crystal, had never reflected any image but that of Gabriel, the celestial
messenger sent by their mother to protect them!

We can therefore understand the painful emotion of Blanche, when she
heard her sister repeat, with bitter melancholy, those words which
described their whole situation: "I think of the Golden City of our

"Who knows?" proceeded Blanche, drying her sister's tears; "perhaps,
happiness may yet be in store for us."

"Alas! if we are not happy with our father by us--shall we ever be so?"

"Yes, when we rejoin our mother," said Blanche, lifting her eyes to

"Then, sister, this dream may be a warning--it is so like that we had in

"The difference being that then the Angel Gabriel came down from heaven
to us, and that this time he takes us from earth, to our mother."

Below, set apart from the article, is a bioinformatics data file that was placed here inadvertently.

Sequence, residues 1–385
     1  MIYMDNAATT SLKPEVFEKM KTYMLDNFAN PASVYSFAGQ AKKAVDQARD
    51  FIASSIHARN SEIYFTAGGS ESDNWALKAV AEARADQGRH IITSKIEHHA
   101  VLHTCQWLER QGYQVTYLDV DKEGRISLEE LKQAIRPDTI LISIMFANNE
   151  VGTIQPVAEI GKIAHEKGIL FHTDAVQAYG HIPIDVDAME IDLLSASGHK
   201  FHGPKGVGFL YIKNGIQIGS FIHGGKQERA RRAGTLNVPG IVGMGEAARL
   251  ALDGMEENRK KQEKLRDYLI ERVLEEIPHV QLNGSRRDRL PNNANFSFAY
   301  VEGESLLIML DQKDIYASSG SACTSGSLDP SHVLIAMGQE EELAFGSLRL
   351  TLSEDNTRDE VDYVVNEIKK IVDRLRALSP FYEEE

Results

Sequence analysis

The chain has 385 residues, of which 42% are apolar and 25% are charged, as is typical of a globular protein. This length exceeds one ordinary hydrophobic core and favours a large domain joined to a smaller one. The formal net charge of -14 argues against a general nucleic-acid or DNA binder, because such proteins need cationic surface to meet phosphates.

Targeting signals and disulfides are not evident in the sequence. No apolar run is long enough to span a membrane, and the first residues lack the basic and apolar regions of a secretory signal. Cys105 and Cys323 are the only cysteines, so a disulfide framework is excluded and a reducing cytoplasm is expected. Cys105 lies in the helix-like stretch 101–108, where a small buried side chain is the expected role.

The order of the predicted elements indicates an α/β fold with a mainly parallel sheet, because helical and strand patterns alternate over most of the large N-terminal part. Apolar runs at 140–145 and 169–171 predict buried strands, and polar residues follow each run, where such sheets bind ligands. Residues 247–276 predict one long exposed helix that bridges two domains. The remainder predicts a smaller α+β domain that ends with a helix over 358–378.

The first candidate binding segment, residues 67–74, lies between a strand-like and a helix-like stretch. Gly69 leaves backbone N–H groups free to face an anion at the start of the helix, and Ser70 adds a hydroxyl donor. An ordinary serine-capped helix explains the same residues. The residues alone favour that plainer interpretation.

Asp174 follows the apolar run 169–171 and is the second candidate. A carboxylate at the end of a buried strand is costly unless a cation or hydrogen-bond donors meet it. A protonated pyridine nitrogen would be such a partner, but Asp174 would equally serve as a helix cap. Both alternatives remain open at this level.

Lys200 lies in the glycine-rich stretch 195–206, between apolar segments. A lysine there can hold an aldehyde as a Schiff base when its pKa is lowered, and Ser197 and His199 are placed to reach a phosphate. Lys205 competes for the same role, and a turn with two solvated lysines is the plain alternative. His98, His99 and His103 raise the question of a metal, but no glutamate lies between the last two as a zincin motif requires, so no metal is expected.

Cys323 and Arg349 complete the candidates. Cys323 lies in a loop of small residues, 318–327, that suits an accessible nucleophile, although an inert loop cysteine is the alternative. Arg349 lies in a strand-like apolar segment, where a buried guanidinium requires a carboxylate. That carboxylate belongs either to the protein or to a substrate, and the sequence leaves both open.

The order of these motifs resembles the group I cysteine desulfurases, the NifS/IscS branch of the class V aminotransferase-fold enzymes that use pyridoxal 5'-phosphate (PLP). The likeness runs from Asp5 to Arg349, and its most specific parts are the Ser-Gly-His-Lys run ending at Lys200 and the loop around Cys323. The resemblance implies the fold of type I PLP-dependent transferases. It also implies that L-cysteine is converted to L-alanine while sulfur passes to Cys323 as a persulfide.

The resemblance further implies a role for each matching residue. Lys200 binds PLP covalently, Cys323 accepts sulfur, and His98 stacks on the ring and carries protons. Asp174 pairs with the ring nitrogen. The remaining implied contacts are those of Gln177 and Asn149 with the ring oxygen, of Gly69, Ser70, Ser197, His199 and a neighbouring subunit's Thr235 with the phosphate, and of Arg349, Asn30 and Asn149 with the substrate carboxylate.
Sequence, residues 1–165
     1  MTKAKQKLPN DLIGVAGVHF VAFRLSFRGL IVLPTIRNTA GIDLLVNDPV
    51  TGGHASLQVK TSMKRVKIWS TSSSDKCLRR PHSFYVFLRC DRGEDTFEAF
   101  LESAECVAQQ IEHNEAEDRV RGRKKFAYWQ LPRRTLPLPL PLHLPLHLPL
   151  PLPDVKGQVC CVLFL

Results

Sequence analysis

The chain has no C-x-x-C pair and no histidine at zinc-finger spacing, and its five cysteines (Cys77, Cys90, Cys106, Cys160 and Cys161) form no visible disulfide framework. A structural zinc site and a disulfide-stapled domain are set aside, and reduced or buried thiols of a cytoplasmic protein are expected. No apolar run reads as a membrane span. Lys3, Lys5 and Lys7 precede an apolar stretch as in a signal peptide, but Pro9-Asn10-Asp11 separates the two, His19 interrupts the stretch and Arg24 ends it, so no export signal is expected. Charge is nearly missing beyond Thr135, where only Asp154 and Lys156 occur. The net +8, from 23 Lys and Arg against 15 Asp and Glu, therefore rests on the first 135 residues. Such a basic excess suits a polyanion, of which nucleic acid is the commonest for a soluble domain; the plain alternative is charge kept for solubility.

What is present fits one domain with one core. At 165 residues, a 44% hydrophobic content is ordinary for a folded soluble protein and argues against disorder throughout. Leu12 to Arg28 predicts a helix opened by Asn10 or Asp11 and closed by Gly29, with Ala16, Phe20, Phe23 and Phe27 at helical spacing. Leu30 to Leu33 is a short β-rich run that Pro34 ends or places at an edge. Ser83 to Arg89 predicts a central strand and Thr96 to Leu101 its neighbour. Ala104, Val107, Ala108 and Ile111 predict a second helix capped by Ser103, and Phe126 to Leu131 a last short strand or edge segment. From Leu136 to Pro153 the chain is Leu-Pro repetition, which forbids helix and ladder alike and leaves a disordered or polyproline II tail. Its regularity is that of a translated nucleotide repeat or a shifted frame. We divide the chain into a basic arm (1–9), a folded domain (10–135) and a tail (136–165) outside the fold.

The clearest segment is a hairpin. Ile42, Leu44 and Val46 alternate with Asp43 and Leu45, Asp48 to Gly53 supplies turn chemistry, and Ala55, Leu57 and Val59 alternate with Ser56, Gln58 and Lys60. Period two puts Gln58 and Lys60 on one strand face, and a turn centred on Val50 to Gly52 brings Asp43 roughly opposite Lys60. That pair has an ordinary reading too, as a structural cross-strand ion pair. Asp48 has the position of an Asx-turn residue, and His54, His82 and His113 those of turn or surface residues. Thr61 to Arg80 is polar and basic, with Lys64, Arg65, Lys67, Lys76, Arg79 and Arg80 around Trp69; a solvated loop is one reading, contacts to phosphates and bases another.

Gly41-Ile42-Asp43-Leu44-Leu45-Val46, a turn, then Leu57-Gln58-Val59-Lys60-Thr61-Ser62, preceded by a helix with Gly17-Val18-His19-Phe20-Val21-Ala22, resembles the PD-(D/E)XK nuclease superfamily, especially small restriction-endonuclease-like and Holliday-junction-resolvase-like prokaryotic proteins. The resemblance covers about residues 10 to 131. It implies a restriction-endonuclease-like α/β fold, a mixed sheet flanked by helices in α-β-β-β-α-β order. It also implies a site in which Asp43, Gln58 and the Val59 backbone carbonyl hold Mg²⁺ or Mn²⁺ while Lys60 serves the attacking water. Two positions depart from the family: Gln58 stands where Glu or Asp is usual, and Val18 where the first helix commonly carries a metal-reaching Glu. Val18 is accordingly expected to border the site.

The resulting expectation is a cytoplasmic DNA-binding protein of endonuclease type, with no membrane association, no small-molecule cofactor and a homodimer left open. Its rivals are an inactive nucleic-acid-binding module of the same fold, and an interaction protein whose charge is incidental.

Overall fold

"And this dream will perhaps come true, like the other, my sister.  We
dreamt that the Angel Gabriel would protect us, and he came to save us
from the shipwreck."

"And, this time, we dream that he will lead us to heaven.  Why should not
that happen also?"

"But to bring that about, sister, our Gabriel, who saved us from the
shipwreck, must die also.  No, no; that must not happen.  Let us pray
that it may not happen."

"No, it will not happen--for it is only Gabriel's good angel, who is so
like him, that we saw in our dreams."

"Sister, dear, how singular is this dream!--Here, as in Germany, we have
both dreamt the same--three times, the very same!"

"It is true.  The Angel Gabriel bent over us, and looked at us with so
mild and sad an air, saying: `Come, my children! come, my sisters!  Your
mother waits for you.  Poor children, arrived from so far!' added he in
his tender voice: `You have passed over the earth, gentle and innocent as
two doves, to repose forever in the maternal nest.'"

"Yes, those were the words of the archangel," said the other orphan, with